How To Save Boston’s Art Scene—Before It’s Too Late
If Boston is to remain the “Athens of America,” our pandemic-assailed cultural institutions need an emergency intervention.
When COVID-19 brought the curtain down on life as we knew it, where did Bostonians turn for comfort? To the arts, of course. We binge-watched heartwarming movies, created playlists of motivating music, and found balm-like humor from content creators on social media.
Yet despite the obvious indispensability of the arts as a form of consolation, catharsis, and human connection in difficult, isolating times, thousands of out-of-work performers and others are struggling to survive now that most live experiences—overwhelmingly, the lifeblood of any arts economy—are suspended until further notice. By midsummer, arts-related Bay State nonprofits had already hemorrhaged $425 million in revenue, according to the Mass Cultural Council, which has been advocating for recovery assistance from Beacon Hill.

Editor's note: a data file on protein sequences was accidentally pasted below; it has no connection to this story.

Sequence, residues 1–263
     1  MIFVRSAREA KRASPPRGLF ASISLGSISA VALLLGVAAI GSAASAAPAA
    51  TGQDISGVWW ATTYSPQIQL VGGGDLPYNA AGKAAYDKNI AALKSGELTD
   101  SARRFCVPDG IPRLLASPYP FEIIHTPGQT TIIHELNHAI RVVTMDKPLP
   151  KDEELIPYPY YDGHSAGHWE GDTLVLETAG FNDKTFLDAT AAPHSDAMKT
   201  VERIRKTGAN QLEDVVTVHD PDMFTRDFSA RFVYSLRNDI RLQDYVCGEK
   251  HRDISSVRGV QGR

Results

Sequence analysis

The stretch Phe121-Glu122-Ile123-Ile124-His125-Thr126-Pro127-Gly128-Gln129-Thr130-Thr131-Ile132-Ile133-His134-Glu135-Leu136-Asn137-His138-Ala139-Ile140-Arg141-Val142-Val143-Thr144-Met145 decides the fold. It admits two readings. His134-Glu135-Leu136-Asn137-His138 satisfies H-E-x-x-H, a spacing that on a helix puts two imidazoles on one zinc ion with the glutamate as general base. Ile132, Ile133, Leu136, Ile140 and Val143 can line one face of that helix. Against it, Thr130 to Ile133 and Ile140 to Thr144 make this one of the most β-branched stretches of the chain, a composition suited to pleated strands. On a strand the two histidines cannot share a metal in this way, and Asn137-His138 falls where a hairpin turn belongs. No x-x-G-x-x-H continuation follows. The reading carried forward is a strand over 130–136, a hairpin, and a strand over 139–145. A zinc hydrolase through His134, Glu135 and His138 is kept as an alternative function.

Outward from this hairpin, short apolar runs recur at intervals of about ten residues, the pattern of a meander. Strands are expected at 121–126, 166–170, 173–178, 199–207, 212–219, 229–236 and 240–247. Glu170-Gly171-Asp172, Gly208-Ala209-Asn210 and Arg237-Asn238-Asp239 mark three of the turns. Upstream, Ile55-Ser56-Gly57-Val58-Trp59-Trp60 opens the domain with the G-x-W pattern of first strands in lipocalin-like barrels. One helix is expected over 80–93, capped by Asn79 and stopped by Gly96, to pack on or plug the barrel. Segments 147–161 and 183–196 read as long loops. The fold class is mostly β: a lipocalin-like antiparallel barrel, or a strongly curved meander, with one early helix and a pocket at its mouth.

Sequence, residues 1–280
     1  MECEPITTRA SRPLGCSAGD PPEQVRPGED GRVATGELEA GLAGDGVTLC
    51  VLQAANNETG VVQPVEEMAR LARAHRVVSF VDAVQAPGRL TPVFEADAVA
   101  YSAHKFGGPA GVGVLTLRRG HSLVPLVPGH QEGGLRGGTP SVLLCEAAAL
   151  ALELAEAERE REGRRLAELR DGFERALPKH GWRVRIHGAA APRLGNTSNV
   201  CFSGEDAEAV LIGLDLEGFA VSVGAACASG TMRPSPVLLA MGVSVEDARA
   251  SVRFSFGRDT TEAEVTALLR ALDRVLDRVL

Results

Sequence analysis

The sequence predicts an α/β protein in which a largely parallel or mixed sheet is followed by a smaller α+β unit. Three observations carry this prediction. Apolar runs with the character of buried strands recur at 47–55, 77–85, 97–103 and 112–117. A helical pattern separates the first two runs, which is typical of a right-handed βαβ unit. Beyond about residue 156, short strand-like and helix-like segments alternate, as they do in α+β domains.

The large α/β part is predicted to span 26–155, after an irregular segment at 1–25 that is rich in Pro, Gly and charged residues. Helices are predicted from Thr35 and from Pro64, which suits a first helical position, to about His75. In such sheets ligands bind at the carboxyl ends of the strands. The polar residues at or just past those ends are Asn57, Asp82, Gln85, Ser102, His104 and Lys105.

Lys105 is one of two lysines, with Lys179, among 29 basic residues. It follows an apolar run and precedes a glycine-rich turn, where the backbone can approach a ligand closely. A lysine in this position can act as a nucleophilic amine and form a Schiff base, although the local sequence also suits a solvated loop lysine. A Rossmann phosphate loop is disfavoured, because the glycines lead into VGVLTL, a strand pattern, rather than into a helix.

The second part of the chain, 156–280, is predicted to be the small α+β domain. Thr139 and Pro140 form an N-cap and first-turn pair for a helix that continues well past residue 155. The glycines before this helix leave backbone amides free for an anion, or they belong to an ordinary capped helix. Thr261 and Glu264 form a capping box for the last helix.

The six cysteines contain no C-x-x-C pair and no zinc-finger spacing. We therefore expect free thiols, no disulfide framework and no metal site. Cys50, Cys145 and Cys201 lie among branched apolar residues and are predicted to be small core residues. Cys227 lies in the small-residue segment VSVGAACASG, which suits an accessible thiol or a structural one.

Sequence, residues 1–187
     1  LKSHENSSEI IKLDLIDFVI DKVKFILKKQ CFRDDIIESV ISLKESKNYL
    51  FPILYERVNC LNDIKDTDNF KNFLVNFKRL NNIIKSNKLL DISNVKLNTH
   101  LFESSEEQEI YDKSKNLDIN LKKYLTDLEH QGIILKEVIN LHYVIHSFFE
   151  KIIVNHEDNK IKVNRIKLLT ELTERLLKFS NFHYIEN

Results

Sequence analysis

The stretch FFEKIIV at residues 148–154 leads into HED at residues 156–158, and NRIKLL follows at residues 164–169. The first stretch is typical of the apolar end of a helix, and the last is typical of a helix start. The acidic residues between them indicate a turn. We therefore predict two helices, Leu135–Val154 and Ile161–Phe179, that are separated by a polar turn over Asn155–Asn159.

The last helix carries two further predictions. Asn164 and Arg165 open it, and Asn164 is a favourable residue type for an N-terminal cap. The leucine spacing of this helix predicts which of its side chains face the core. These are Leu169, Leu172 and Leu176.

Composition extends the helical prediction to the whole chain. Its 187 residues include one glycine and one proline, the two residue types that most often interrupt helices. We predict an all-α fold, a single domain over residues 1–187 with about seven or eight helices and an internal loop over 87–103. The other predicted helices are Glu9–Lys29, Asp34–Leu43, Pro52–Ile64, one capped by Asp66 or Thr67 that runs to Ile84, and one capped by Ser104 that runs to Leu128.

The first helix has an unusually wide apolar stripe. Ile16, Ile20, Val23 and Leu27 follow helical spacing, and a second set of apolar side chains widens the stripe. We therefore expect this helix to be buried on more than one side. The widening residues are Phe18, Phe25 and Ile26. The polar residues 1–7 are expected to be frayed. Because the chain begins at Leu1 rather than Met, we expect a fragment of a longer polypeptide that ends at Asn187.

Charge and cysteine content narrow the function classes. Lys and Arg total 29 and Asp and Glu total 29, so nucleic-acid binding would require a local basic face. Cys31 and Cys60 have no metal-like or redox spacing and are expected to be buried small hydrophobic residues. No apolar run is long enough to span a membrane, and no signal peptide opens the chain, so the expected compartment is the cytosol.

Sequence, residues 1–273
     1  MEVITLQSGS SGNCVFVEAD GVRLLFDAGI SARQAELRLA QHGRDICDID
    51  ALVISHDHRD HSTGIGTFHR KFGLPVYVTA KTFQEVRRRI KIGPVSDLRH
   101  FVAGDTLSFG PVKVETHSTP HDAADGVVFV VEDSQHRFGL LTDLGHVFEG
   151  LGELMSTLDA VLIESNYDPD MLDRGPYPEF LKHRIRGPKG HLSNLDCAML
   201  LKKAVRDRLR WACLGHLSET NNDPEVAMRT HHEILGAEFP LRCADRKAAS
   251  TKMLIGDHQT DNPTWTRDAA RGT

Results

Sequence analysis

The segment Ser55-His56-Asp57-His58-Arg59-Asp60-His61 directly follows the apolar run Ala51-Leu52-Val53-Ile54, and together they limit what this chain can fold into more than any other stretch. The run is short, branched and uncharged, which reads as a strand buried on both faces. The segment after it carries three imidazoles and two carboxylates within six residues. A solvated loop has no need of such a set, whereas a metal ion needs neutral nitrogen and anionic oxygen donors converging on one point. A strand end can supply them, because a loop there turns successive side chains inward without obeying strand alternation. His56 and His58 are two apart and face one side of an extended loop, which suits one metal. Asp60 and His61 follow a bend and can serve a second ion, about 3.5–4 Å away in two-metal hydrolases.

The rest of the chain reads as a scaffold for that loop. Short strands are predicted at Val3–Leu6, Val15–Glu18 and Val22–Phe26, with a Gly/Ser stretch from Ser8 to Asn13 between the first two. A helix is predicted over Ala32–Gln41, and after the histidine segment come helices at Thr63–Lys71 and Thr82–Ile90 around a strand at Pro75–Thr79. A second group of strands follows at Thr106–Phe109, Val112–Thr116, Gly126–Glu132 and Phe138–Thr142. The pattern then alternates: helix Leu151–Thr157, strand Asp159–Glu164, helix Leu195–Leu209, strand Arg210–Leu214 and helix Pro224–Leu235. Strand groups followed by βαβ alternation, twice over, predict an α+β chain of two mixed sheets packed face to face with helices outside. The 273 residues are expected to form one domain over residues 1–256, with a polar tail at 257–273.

“At the end of this, if artists are broken, bankrupt, and leaving Boston in droves, we will have failed socially, culturally, and economically,” Emily Foster Day and Kristi Keefe, co-executive directors of the Boston Center for the Arts, said bluntly in a joint statement to Boston.
When it comes to keeping the arts alive, local leaders have ideas—but no easy solutions. Policymakers must push for comprehensive relief, including extended unemployment benefits for 1099 workers, says Gary Dunning, president of Celebrity Series Boston. New England Conservatory ethnomusicologist Tanya Kalmanovitch, meanwhile, suggests that cultural organizations institute maximum wages for the folks at the top to create a more equitable economy for all artists.
But really, the best way to support the arts is to keep engaging with them, says Brian Kennedy, director and CEO of the Peabody Essex Museum: “This can be as simple as sharing digital content, planning a visit, or becoming a member to help sustain your favorite arts organizations in uncertain times.” Say it again, for the people in back.